Fuel cell bus

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With a typical city bus expected to do 200 runs a day, it made for an interesting display of six most modern buses by Tata Motors including the BKC-bound Starbus Hybrid. All five buses were prototypes, and provided an opportunity to gaze into the future. The most interesting was the ‘Tata Starbus Fuel Cell bus’. This bus is said to be the country’s first ‘Fuel Cell’ bus. Touted as a zero emission mass transport solution for city travel, it was developed in partnership with ISRO (Indian Space Research Organisation), and combines hydrogen gas and oxygen. The bus measures 12 m in length and is claimed to have a power output of 114 bhp. If the use of fuel cell technology results in 40-60 per cent efficiency in energy conversion over conventional diesel buses, the bus, based on the previous-generation LPO 1625 Starbus Fuel Cell bus concept, shares the platform with the Starbus Hybrid and Starbus Electric. Four hydrogen cylinders of 205 litre capacity each are placed in the roof casing. A longitudinally arranged hydrogen fuel cell power system at the rear produces electric energy (equivalent to 114 hp) via the Lithium-ion battery pack. The battery delivers power to a rear-axle mounted propulsion motor through a summation gearbox, resulting in a combined output of 250 hp and 1,050 Nm of torque at 800 rpm. Featuring independent pneumatic suspension with hydraulic double-acting telescopic shock absorbers, the fuel cell bus features pneumatic dual-circuit s-cam braking system, which is ABS assisted. The full low-floor bus can seat 30 passengers in air-conditioned comfort. Top speed is 70 kmph, and maximum gradeability is 17 percent.

Vestibule bus

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The Tata Marcopolo urban 9/18 FE vestibule bus measures 18 m in length. It can carry 120 (including 50 seated) passengers, which is almost equivalent of two 12 m buses. Powering this bus is a Cummins 6.7-litre, 280 hp engine located at the front. Aimed at moving more people in less space (in a typical urban landscape), the vestibule bus has a compact turn circle and can be manoeuvred with ease. The turning radius of this bus is claimed to be no different than a regular bus. What makes the vestibule bus significant is the order Tata Motors bagged recently to supply 30 vestibule buses for the BRT corridor at Dharwad-Hubli. Each bus is said to cost Rs.1.6 crore, and will ply on a 22.2 km-long corridor.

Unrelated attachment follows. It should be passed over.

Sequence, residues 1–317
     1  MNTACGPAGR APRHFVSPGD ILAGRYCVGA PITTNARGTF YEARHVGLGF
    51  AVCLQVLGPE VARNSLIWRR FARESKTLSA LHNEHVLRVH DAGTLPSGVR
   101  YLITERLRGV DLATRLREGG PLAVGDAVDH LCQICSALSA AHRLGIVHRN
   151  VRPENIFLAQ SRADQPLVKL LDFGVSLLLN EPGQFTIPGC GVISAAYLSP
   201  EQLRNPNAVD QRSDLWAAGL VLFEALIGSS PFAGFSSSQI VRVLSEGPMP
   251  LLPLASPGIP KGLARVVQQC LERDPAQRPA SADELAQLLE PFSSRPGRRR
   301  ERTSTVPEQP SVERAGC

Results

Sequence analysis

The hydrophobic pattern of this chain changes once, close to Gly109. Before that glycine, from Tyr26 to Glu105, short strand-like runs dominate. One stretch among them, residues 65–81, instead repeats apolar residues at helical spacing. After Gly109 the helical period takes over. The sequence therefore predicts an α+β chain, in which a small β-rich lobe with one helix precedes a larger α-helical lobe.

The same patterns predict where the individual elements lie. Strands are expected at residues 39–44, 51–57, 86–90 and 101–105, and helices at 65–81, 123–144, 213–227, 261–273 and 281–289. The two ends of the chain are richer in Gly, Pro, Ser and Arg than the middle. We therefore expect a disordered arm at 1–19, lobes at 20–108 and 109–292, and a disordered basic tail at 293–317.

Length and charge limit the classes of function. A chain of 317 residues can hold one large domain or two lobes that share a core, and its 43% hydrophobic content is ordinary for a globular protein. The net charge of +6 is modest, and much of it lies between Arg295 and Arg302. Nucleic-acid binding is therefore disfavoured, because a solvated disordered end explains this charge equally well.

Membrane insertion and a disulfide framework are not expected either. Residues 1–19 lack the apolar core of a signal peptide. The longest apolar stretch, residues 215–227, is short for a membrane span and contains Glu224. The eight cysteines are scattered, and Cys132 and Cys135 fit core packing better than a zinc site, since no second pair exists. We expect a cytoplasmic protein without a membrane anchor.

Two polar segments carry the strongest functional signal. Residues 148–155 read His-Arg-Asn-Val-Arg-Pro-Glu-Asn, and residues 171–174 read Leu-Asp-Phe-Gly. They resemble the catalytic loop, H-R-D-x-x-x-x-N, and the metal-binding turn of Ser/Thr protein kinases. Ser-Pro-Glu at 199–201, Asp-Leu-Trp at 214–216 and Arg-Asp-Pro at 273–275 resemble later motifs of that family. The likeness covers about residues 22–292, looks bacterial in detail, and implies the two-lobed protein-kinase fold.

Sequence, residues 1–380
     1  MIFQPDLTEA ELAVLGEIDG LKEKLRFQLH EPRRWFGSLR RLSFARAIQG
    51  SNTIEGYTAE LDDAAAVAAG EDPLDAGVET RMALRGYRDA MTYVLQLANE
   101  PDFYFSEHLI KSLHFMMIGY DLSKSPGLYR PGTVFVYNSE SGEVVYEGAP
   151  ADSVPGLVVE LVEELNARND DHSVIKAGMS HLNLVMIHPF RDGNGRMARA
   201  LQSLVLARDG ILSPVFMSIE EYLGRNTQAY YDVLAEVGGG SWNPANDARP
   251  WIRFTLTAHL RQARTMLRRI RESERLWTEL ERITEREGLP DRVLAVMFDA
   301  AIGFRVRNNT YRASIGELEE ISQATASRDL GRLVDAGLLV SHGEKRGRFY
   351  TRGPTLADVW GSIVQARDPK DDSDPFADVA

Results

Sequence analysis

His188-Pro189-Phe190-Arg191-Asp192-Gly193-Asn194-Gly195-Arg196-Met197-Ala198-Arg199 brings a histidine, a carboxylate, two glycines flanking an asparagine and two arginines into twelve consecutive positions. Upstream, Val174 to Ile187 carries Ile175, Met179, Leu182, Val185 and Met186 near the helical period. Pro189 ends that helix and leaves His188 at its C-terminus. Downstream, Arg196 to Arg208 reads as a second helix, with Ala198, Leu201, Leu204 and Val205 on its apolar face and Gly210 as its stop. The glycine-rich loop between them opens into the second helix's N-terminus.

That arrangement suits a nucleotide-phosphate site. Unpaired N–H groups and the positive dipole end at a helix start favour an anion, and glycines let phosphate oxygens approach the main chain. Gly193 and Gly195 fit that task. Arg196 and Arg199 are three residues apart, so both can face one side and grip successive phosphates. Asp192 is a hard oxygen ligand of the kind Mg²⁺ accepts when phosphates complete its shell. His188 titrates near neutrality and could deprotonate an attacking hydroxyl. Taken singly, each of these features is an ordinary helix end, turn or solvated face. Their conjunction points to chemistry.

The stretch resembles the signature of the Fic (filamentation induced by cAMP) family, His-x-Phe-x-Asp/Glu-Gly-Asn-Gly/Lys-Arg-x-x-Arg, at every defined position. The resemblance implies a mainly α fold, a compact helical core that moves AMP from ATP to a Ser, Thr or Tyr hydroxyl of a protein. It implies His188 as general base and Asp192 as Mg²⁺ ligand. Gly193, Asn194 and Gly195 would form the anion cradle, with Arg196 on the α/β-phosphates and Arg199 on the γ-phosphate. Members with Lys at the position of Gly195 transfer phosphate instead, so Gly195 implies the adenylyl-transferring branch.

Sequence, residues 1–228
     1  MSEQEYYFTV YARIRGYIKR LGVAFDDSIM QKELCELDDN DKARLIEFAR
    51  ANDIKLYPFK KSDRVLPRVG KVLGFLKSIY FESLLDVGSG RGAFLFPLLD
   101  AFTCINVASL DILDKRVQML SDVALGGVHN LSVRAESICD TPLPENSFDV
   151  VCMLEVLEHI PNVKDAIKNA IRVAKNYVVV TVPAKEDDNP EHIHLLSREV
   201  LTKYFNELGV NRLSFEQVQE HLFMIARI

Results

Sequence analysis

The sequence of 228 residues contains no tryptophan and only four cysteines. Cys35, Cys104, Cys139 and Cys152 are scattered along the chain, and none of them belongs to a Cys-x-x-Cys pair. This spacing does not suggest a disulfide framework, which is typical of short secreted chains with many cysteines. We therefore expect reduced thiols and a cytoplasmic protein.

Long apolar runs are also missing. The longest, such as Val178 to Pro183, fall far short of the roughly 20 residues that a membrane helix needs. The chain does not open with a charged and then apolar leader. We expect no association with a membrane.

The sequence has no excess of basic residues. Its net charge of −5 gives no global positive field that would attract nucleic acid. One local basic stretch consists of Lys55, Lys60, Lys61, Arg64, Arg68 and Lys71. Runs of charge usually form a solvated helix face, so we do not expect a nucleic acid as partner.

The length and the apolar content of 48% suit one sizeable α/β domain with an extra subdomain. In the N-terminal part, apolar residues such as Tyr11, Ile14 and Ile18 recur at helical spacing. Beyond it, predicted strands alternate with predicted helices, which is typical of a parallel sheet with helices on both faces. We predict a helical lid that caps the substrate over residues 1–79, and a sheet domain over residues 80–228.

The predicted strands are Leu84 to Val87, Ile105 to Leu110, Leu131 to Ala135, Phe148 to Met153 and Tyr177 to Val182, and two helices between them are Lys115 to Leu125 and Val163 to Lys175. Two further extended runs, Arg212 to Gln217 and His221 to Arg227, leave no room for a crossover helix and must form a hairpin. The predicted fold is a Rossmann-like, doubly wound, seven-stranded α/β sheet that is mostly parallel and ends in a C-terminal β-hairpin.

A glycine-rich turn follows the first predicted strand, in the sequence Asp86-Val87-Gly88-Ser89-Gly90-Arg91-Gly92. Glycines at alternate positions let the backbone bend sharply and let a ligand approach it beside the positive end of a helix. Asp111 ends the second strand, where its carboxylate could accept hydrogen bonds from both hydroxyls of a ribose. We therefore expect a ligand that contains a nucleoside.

Mini people movers

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Standing out of the crowd of buses, the electric Super Ace, Magic and Magic Iris made for a portfolio of mini people movers that Tata Motors is working on. Albeit in an electric form, they are looked upon to play the role of a feeder vehicle and last mile transporter. Already a word in last mile connectivity, the electric forms of Super Ace, Magic and Magic Iris could well set a precedent in last mile connectivity for others to follow. Powering the Super Ace electric is a permanent magnet AC motor. Electricity is fed by a 20.7 kWh lithium-ion battery. The top speed of the CV is 80 kmph. The travel range is in the region of 100 kmph, and the rated payload is 600 kg against a GVW of 1750 kg. Magic electric contains 12.6 volt, 180 Ah batteries. Equipped with regenerative braking tech, the vehicle has a power rating of 15kW. It can reach a top speed of 40 kmph, and cover a distance of 50 km on a single charge. Battery takes eight to 12 hours to charge. The Magic Iris is powered by lithium-ion battery modules of 48 volt and 110 Ah capacity. Capable of ferrying four passengers, the traction motor of the Magic Iris is rated at 9 kW. Peak torque is 42 Nm. Capable of travelling 100 km on a single charge, the two battery modules of Magic Iris take eight hours to charge fully. The vehicle can be had with a 120 watt solar panel on the roof for supplementary charging, making it a first of its kind in its segment.

LNG bus

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It was late last year that Tata Motors showcased a LNG (Liquefied Natural Gas) powered city bus based on its LPO1613 platform at Thiruvananthapuram, Kerala. It did so in association with Petronet LNG Limited (PLL) and Indian Oil Corporation Ltd. Displayed here, the bus, painted in an attractive shade of orange, was powered by a 5.7-litre BSIV engine that produces 130 hp of peak power at 2500 rpm and a peak torque of 405 Nm at 1250-1500 rpm. The LPO1613 chassis is built at the Lucknow plant, and the body is built at Marcopolo’s Dharwad plant. Dr. A K Jindal, Head – Engineering Research Centre, Commercial Vehicles, Tata Motors, expressed that Kerala is keen to place an order for 10,000 buses, with 10 per cent of them, LNG powered. He added, “The supply constraints posed by CNG infrastructure makes LNG a logical extension. To increase the range of a CNG powered bus (from 300 km), more storage cylinders will be needed. This will adversely affect the power to weight ratio, payload capacity and seating capacity. LNG has a two-and-a-half times more per litre capacity than diesel. The range therefore will be between 600 to 700 km.” RT Wasan, Vice President – Sales and Marketing, Tata Motors, mentioned that cities are growing, leading to traffic congestion, in-turn bringing out a need to design different modes of public transportation. “The Urbanisation in India is skewed as compared to countries like China,” he added.